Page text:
In my previous post, I talked about working with the physics in Unity and making a little “roll-a-ball” game to get familiar with the software and language of C#. Today I will be talking about terrain in Unity, essentially the world that everything happens in for your program.
Working with terrain in Unity has its different levels, you could be a beginner and make some rolling hills or you could be an expert and create a whole landscape with water, grass, and trees. I am just a beginner seeing that I have only been working with Unity for about two weeks or so but I started fooling around with the terrain and all the features that you can use with it. At first, I made a few hills and added a ball into the scenario and rolled it around to see how it interacted with the terrain. I was very pleased how it worked and went on from there.
The next thing I wanted to do was to import real life terrain into Unity so it could be represented as a 3D model. This was much harder than I had initially expected. The concept of importing a grayscale height map into Unity is rather simple but the execution can have its obstacles and weird problems. To import real life terrain, one has to get a grayscale picture of the terrain, convert that picture from jpeg or png to raw using a photo editor (photoshop in my case), and then import the raw into unity and bingo you have a 3D representation of your real life terrain. That is how easy it should be but I had my problems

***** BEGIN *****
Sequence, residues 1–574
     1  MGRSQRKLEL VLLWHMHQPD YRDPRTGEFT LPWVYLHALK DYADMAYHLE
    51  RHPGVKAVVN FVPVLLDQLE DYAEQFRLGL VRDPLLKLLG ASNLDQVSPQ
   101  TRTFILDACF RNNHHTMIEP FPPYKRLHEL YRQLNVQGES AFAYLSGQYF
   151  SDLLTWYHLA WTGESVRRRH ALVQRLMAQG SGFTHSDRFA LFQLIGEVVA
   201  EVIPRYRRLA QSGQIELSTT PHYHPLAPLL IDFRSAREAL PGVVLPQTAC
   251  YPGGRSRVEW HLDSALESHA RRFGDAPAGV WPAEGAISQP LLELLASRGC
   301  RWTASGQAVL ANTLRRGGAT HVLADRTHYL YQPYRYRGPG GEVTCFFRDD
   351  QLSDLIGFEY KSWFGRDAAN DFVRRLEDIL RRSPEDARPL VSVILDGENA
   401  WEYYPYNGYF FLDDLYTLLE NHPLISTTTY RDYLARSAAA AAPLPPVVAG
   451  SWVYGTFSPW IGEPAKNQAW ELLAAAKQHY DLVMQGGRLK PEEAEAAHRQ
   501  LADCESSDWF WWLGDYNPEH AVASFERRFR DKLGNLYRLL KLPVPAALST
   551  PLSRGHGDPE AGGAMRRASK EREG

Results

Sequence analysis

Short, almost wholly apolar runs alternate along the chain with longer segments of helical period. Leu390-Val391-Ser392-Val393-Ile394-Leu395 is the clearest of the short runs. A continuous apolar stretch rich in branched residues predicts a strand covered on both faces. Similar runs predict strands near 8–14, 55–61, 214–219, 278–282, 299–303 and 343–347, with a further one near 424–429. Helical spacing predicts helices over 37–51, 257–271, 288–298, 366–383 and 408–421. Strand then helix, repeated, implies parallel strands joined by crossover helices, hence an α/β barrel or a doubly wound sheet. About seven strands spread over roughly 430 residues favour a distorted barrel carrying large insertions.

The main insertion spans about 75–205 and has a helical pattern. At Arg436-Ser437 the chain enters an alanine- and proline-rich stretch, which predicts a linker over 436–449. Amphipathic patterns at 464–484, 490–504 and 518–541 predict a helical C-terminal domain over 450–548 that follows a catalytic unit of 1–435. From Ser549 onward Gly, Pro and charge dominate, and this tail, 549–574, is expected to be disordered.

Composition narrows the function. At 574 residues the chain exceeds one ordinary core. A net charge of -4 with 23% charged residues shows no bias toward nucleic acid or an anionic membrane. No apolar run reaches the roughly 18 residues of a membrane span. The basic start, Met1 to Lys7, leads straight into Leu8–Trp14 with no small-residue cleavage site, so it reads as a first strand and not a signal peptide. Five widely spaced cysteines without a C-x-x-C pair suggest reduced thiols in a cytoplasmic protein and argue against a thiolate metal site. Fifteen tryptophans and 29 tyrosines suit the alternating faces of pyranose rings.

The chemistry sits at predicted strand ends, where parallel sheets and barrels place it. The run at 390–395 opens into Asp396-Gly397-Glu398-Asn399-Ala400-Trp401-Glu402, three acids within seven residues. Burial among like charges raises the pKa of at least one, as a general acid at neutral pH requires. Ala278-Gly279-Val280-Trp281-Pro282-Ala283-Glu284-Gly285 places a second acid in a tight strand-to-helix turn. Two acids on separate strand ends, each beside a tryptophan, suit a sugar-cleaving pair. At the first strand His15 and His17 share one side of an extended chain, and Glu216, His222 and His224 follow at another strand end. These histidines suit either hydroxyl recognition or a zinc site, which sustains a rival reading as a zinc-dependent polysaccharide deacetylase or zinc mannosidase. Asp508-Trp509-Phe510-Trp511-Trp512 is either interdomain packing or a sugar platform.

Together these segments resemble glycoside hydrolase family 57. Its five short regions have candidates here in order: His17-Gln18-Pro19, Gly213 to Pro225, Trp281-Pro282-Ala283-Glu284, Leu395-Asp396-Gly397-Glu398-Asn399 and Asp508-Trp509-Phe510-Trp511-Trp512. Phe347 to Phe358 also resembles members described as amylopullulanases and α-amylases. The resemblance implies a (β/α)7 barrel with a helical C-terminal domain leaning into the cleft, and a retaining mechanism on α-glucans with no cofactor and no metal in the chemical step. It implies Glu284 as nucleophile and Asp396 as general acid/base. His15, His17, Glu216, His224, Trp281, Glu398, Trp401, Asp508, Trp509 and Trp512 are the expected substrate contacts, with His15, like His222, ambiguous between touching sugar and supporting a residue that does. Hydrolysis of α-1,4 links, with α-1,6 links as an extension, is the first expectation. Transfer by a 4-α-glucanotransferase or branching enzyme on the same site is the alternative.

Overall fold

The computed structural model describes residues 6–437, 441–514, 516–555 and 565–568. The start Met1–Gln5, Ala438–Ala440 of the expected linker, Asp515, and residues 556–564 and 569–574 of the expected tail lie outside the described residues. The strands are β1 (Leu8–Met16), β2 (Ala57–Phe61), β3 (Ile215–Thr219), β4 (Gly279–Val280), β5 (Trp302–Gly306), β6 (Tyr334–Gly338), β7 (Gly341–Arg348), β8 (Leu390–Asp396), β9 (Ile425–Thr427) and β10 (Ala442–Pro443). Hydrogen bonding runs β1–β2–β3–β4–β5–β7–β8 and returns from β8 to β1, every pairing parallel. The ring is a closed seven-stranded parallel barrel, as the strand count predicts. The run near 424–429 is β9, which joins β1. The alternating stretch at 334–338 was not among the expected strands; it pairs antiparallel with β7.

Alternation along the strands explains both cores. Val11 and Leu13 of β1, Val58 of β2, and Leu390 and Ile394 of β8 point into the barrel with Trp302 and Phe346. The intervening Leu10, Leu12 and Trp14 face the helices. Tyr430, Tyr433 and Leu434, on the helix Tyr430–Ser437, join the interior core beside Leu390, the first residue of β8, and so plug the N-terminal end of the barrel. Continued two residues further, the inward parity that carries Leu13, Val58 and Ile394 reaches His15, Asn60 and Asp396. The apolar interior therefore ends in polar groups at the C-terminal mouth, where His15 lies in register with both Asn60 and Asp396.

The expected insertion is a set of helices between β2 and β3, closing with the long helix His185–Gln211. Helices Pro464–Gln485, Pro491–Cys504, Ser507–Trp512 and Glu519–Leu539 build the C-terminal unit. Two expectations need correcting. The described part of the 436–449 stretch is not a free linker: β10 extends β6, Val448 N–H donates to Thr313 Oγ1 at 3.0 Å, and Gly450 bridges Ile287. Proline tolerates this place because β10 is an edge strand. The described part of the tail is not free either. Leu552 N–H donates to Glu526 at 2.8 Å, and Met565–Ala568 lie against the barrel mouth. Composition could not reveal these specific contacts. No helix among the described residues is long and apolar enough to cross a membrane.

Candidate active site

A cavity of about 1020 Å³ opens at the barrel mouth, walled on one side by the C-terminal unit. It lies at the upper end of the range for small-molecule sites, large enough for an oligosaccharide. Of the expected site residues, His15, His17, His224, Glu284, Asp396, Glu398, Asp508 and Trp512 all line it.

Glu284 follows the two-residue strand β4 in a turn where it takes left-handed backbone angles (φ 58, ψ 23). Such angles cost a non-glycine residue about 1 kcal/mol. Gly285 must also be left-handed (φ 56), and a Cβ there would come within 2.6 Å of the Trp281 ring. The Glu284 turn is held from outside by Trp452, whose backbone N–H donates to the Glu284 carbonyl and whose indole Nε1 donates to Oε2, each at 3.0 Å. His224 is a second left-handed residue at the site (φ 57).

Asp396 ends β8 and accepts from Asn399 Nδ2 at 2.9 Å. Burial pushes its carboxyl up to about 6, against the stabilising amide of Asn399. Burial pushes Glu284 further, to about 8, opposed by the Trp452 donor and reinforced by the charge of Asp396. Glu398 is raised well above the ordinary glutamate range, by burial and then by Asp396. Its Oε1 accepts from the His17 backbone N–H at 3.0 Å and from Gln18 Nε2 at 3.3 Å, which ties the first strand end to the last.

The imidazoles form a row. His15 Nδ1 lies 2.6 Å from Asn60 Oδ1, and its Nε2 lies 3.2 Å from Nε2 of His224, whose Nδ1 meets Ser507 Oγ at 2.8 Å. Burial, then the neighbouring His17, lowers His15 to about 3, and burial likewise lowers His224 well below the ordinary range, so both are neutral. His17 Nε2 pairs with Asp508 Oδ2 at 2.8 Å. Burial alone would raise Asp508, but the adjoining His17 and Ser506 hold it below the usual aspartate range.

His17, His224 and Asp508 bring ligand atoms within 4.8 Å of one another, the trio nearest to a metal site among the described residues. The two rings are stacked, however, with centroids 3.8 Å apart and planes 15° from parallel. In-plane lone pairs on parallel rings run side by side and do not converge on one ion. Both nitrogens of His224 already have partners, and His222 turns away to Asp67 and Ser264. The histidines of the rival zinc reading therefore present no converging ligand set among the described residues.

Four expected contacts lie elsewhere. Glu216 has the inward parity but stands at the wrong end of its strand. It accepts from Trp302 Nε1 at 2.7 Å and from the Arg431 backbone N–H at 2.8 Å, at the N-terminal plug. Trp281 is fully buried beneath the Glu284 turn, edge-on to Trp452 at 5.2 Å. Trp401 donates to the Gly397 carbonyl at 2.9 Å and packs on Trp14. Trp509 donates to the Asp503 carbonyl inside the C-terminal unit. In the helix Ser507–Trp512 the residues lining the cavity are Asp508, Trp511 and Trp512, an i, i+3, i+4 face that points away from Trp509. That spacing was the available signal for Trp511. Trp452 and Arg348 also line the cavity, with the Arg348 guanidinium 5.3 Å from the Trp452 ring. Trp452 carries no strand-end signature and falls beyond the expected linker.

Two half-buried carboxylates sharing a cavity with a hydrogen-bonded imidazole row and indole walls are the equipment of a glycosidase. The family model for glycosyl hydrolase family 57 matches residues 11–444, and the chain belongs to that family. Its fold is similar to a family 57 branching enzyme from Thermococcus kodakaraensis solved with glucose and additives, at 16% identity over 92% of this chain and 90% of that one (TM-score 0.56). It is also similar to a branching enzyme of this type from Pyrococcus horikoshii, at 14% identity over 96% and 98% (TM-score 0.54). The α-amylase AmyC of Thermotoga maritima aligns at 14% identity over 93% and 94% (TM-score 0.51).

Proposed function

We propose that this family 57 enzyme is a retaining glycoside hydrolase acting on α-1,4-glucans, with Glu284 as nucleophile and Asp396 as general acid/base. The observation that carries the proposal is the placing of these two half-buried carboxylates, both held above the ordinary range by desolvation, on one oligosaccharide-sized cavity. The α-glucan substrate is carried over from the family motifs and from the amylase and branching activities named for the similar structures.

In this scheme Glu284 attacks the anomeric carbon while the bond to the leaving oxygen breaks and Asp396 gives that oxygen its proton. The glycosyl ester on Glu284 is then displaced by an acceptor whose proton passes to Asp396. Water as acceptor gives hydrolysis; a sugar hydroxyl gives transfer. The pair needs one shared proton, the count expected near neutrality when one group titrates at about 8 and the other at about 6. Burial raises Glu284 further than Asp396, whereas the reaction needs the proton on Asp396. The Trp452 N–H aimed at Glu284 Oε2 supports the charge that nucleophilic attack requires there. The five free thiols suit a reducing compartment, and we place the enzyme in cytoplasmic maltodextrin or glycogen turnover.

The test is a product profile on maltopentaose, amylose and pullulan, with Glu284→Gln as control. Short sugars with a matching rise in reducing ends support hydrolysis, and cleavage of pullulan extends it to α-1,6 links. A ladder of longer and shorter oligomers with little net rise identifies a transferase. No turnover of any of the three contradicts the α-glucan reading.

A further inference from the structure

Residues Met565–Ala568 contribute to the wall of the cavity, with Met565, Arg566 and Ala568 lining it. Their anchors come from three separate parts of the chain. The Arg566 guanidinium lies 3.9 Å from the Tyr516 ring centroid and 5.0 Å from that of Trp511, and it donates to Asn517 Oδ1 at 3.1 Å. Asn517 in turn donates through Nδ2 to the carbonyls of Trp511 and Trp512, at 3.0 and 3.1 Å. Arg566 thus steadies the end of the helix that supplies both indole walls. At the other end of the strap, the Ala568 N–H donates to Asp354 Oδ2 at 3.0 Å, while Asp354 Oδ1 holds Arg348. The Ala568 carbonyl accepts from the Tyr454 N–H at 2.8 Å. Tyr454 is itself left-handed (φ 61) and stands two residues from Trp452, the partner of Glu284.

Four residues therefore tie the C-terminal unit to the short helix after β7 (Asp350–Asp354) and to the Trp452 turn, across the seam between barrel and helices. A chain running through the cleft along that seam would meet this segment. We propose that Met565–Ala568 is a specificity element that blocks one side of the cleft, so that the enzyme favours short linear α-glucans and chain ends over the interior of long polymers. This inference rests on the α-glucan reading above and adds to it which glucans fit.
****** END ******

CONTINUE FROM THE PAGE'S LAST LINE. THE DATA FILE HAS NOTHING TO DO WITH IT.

Firstly, when importing the raw the dimension and resolution of your picture they have to be just perfect for Unity to render it correctly. If the dimensions are skewed or wrong then you will be left 3D representation of this:
which is not a real-life terrain.
Secondly, which wasn’t a problem with Unity, I didn’t have a photo editor that could save a picture as raw so that took me quite awhile to finally realize that I could just download the trial version of photoshop infinitely so I could have my supply of raw pictures.
So after all that tweaking, I was finally able to import a raw, grayscale height map and get my desired 3D real life terrain. The terrain that I took was from Mount Lemmon which is important as I progress in my project.
Yay! Finally I did it